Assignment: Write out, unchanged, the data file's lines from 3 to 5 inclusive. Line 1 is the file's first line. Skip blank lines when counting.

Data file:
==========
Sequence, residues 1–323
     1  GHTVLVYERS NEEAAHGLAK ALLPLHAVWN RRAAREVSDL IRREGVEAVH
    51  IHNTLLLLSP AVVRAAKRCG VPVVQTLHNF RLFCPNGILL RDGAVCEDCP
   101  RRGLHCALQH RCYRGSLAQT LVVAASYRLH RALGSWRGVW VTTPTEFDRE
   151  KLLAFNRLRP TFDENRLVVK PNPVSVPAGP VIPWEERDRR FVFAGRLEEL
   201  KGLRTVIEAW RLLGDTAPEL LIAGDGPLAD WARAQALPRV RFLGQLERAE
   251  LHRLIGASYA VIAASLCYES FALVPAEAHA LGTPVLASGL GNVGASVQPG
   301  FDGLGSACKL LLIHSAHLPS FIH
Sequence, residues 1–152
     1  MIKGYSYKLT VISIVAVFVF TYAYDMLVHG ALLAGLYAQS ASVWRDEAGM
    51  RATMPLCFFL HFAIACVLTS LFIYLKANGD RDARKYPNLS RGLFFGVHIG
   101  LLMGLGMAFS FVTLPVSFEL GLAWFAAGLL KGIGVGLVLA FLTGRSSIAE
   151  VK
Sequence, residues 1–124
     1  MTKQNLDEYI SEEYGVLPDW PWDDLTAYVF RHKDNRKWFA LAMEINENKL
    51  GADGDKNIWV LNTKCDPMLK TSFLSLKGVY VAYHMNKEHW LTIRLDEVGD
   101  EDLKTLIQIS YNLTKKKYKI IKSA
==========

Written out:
    51  IHNTLLLLSP AVVRAAKRCG VPVVQTLHNF RLFCPNGILL RDGAVCEDCP
   101  RRGLHCALQH RCYRGSLAQT LVVAASYRLH RALGSWRGVW VTTPTEFDRE
   151  KLLAFNRLRP TFDENRLVVK PNPVSVPAGP VIPWEERDRR FVFAGRLEEL